Imagine cocktail hour in this space?  Amazing.
Shaken, not stirred....naturally.
Love the bamboo silver bar tools.

Now...the kitchen.  Let's talk about the kitchen.
Wouldn't you just feel like Betty Draper on that phone?  I love that the wall paper is pink and green, and the green tile on the kitchen floor?  I would never pick that but it just works here - especially with those green topped stools.  
This kitchen is seriously like stepping back time.  I mean just look at this:
Have you ever seen anything like that in your life?  Admittedly, it's a smart space-saver for a NYC apartment, but who would think of it?  And after you're done preparing your breakfast in that wonderful little kitchen, you can enjoy it here on perfect pink chairs...
On fabulous pink china (which I LOVE):
And how smart is this for dinner parties:

Working from home in a space like this?  Don't mind if I do (especially sitting a chair like that):
My heart is made happy by the old fashioned stationary set.  All that's missing is the in-office bar and Don Draper.  Still not convinced on the office?  I bet you'll change your mind when you look out the window (if you're a NY-er and know where this is, please tell me!):

Now the bathroom.  How great is that Pucci-esque wallpaper, love it all over the door:

And now her bedroom:
Hello, vintage upholstered headboard.  I'm pretty sure the owner of this bed and I have a few things in common, the least of which being our love of upholstered headboards.
And her bathroom...
Which also has a view, naturally...
And a dressing room....
And here's the lady herself:
How glamorous is pink, of course - clearly her signature color.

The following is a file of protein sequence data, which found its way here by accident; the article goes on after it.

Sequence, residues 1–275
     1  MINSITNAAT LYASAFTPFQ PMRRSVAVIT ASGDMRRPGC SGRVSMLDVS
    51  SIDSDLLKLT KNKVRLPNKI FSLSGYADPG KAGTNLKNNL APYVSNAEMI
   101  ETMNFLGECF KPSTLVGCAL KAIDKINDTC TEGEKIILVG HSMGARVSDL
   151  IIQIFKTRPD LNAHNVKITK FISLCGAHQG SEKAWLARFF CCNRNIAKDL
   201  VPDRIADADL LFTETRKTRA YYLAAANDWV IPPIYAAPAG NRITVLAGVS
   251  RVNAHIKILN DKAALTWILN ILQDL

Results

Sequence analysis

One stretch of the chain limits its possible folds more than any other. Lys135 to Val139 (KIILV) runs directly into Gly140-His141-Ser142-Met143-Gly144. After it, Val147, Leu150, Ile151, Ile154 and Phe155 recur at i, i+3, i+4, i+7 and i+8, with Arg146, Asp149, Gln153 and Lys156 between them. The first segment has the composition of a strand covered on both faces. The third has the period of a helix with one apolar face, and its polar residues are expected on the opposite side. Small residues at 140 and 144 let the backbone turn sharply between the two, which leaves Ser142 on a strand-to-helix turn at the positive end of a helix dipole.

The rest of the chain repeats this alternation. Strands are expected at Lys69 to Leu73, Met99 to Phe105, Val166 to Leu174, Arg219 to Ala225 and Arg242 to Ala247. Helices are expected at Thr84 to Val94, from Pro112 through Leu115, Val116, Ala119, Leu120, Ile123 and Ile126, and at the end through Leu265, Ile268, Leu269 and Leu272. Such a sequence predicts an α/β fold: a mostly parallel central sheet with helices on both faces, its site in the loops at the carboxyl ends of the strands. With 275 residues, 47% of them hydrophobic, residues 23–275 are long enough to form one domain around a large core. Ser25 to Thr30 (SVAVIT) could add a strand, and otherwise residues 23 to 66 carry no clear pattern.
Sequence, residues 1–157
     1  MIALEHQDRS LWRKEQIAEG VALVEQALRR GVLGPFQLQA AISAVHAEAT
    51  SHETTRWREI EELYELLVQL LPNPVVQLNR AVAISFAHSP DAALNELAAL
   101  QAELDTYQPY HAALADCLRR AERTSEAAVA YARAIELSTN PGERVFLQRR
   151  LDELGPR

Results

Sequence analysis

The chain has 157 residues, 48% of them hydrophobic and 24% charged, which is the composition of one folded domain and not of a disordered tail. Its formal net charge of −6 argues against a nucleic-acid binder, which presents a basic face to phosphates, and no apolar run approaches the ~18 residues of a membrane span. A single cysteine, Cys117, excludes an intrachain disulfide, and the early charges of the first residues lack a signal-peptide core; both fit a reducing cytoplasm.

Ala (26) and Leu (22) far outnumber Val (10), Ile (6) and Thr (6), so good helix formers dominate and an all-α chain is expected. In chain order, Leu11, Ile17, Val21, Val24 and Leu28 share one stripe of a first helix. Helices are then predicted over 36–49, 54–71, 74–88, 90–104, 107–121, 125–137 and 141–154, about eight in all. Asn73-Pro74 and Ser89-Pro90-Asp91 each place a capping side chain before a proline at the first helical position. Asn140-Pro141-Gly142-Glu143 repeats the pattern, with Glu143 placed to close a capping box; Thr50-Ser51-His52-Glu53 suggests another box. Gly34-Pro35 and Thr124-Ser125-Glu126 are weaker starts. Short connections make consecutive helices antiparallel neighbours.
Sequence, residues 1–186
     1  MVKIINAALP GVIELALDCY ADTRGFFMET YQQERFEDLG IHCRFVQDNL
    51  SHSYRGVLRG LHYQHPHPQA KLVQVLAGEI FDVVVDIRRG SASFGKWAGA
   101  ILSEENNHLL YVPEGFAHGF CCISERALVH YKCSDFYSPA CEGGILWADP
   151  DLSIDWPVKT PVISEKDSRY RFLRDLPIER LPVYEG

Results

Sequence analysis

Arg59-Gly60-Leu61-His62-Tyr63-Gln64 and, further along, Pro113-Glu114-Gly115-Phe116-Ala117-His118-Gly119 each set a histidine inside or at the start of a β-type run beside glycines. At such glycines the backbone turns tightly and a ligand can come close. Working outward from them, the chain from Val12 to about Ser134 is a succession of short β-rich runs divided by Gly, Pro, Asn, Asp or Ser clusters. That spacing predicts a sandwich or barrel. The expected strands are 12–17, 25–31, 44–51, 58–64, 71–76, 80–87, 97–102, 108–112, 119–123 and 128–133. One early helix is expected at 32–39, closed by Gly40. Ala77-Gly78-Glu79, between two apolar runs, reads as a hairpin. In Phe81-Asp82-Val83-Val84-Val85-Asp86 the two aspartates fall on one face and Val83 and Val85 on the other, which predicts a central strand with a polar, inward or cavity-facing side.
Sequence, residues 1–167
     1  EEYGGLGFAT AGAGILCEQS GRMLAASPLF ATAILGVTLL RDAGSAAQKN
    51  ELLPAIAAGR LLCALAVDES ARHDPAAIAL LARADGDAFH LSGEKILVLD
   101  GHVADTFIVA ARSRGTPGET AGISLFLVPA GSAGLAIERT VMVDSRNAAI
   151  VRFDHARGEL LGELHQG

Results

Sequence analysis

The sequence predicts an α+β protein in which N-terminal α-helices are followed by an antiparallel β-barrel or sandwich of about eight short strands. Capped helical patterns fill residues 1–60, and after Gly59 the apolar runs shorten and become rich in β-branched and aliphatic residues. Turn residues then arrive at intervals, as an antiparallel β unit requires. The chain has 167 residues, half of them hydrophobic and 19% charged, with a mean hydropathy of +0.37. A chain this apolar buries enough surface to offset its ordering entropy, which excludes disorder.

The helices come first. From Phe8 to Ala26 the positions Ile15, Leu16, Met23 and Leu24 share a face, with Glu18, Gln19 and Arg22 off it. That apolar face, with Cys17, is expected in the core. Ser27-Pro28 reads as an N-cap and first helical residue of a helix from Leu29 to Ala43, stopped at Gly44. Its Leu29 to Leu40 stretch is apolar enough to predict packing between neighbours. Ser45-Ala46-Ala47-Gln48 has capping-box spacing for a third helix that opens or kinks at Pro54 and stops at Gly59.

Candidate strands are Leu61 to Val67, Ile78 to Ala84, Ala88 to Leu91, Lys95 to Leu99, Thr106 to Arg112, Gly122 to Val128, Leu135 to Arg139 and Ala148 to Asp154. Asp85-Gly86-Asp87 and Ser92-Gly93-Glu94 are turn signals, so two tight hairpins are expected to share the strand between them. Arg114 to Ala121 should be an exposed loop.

Her name is Madelaine Felkay.  She arrived in the United States in 1948 after escaping communism in her home country of Hungary.  As Beck discovered when she went to photograph the apartment, Felkay married the owner of the Tip Top Brush Company, and became a true-blue Manhattanite, hosting bridge games and throwing parties in this spectacular apartment that has a "million dollar view of Central Park South".  When I first viewed these photos, she was 94 and still living alone in that apartment.  I just discovered, however, that she passed away just a week after I saw these photos.  Although of course I didn't know here it still made me feel sad - the end of a Manhattan era.
This photo just captures so much - there she is sitting on my favorite green couch in a beautiful cerise pink dress, her signature color, of course.  I like to imagine that this photo was taken at the end of the night, after all the guests have left her soiree.  She's tired, but happy and content after a wonderful evening with friends.  All she has to do now is curl up in her bed and enjoy her absolutely perfect apartment.

I hope you enjoyed looking at these photos as much as I do - they just never get old for me, kind of like that apartment....still effortlessly stylish, fifty years later.